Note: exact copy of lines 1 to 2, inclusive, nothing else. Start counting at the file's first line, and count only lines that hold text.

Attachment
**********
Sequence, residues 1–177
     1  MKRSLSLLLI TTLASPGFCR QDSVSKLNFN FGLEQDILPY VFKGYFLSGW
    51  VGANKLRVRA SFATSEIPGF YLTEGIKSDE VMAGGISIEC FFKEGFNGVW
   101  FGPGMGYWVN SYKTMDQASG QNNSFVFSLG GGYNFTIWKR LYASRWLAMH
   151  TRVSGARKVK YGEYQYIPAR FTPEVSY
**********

Sequence, residues 1–177
     1  MKRSLSLLLI TTLASPGFCR QDSVSKLNFN FGLEQDILPY VFKGYFLSGW